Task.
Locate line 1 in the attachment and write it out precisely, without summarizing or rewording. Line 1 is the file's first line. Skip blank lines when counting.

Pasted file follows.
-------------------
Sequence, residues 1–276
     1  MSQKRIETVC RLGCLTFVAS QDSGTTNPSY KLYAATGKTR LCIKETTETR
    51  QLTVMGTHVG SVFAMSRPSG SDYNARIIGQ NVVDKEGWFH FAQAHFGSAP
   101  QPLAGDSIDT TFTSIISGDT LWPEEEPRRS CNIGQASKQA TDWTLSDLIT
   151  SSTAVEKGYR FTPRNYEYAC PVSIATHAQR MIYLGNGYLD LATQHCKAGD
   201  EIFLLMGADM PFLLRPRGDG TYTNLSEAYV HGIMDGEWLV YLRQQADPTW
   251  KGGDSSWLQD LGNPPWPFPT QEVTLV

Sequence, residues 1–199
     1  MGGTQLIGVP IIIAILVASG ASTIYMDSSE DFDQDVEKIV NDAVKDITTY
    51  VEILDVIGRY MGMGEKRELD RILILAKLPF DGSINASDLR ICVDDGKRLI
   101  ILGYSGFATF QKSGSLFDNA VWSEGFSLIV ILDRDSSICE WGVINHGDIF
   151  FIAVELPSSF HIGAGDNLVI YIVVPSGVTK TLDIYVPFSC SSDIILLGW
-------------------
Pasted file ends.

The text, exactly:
Sequence, residues 1–276